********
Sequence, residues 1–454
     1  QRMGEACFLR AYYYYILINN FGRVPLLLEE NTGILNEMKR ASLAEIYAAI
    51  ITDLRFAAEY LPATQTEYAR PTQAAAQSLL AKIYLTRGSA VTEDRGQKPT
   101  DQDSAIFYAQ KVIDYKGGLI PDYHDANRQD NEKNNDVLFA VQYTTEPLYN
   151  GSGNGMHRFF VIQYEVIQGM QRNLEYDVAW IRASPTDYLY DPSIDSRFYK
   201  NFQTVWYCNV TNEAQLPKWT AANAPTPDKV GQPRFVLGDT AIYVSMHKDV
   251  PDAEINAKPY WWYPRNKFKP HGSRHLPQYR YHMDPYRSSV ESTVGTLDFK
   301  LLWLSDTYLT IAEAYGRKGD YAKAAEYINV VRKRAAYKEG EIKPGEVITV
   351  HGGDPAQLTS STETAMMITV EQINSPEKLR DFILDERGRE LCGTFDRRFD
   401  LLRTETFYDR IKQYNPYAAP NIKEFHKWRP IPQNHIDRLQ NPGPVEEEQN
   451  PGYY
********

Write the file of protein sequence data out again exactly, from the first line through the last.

Sequence, residues 1–454
     1  QRMGEACFLR AYYYYILINN FGRVPLLLEE NTGILNEMKR ASLAEIYAAI
    51  ITDLRFAAEY LPATQTEYAR PTQAAAQSLL AKIYLTRGSA VTEDRGQKPT
   101  DQDSAIFYAQ KVIDYKGGLI PDYHDANRQD NEKNNDVLFA VQYTTEPLYN
   151  GSGNGMHRFF VIQYEVIQGM QRNLEYDVAW IRASPTDYLY DPSIDSRFYK
   201  NFQTVWYCNV TNEAQLPKWT AANAPTPDKV GQPRFVLGDT AIYVSMHKDV
   251  PDAEINAKPY WWYPRNKFKP HGSRHLPQYR YHMDPYRSSV ESTVGTLDFK
   301  LLWLSDTYLT IAEAYGRKGD YAKAAEYINV VRKRAAYKEG EIKPGEVITV
   351  HGGDPAQLTS STETAMMITV EQINSPEKLR DFILDERGRE LCGTFDRRFD
   401  LLRTETFYDR IKQYNPYAAP NIKEFHKWRP IPQNHIDRLQ NPGPVEEEQN
   451  PGYY